The Hot Chocolate (or Milo) Method

The Hot Chocolate (or Milo) Method
Parenting counselling
Hot chocolate graphic

Who'd have guessed that one of our favourite drinks can also help calm our children down! Read on to find out more about the 'Hot Chocolate Method' from Dan, our Primary Counsellor.

When children are in the grip of anxiety or anger, we often respond to the cognitive-thinking brain first with rational information such as, ‘there’s nothing to worry about’ or ‘calm down!’

This is completely understandable, but it just won’t work.

An anxious or angry brain is a mighty powerful brain, so it’s important to work with it, rather than against it.

When anxious or angry, breathing changes from strong and steady to short and shallow. When breathing quickens and shallows out, it encourages and amplifies the cascade of physiological changes connected to the fight or flight response. These changes are crucial to why anxiety feels the way it does.

The Answer? Always respond to the ‘primitive brain’ first. Re-engage the primitive brain by gently encouraging strong, steady breathing. Model a strong, steady breath to your child.

I recommend the 'Hot Chocolate (or Milo) Method' for younger children.

Hot chocolate method from @sarahfriggieriuk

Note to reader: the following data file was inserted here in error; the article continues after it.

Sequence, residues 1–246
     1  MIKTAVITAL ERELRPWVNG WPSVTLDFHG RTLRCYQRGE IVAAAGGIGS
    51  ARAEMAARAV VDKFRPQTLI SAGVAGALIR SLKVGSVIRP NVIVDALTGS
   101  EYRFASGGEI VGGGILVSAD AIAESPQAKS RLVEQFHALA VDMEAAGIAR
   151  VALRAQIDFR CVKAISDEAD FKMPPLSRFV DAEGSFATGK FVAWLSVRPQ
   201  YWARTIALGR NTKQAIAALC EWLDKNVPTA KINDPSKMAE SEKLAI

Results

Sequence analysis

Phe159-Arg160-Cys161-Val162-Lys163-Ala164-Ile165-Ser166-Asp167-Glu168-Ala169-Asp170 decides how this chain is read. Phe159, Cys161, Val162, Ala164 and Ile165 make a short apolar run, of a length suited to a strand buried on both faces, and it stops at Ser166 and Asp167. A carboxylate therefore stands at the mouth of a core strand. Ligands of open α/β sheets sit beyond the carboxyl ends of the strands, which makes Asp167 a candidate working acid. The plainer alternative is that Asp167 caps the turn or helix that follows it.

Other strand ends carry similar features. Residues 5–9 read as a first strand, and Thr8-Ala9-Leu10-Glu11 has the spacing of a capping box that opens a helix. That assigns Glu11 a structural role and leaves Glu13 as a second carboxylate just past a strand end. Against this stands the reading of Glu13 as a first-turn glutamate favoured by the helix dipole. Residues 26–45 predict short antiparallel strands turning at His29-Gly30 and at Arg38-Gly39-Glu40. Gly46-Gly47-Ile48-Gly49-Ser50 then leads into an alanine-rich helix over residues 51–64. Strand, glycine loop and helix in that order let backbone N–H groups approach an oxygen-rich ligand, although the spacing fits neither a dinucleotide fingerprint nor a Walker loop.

The breath is our most basic and most powerful support. Even better, it is always there as a resource and barometer. When breathing is strong and steady, so are we, but it’s the first to go when anxiety hits. Strong, steady breathing will start to neutralise the neurochemical surge and cool physiological symptoms.

Something to keep in mind though, is that during anxious or angry moments, the brain is somewhat too busy to do things that don’t feel familiar. To make strong, steady breathing a more available response, encourage your child to practise breathing techniques when they are calm. Practice soon after waking and before bed to ‘bookend the day’ with strong and steady breath. When anxiety or anger appears over the course of the day, it’s then a case of re-membering their breath and themselves.